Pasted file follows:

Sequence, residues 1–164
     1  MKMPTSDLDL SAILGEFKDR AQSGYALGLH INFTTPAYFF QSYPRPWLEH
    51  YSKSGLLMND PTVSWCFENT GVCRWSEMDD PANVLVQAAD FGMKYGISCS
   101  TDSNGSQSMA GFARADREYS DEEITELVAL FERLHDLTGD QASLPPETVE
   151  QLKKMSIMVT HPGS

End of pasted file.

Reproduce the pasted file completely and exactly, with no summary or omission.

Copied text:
Sequence, residues 1–164
     1  MKMPTSDLDL SAILGEFKDR AQSGYALGLH INFTTPAYFF QSYPRPWLEH
    51  YSKSGLLMND PTVSWCFENT GVCRWSEMDD PANVLVQAAD FGMKYGISCS
   101  TDSNGSQSMA GFARADREYS DEEITELVAL FERLHDLTGD QASLPPETVE
   151  QLKKMSIMVT HPGS